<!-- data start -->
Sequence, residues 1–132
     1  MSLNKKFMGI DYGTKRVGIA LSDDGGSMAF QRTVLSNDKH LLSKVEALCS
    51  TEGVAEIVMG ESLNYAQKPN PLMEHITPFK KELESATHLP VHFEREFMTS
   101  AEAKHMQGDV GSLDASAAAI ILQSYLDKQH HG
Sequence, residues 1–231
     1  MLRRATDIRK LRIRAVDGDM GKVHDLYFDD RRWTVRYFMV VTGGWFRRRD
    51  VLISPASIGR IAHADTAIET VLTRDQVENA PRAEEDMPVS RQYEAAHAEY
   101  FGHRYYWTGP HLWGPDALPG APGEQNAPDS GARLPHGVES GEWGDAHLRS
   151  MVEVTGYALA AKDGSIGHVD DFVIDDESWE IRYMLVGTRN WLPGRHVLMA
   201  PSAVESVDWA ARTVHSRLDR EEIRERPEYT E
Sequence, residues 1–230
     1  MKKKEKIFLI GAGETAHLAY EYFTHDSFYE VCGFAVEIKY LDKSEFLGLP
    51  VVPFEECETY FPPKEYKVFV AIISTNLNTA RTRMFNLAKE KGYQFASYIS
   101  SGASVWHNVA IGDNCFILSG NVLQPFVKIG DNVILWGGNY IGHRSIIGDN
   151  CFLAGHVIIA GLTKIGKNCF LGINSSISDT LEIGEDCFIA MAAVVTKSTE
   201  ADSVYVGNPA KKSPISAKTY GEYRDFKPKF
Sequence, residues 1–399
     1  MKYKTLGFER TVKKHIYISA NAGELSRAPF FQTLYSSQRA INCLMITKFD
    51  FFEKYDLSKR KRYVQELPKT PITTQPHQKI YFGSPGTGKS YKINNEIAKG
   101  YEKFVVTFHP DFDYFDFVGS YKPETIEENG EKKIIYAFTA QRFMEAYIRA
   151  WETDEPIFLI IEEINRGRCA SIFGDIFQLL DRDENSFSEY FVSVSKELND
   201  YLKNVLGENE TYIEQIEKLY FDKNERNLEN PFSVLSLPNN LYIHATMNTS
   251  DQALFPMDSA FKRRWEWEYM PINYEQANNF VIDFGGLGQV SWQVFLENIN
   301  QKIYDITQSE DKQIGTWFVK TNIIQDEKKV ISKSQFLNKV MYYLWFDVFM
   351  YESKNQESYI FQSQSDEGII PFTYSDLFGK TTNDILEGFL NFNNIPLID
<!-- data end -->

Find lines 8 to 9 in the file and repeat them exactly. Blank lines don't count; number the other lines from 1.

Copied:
   101  FGHRYYWTGP HLWGPDALPG APGEQNAPDS GARLPHGVES GEWGDAHLRS
   151  MVEVTGYALA AKDGSIGHVD DFVIDDESWE IRYMLVGTRN WLPGRHVLMA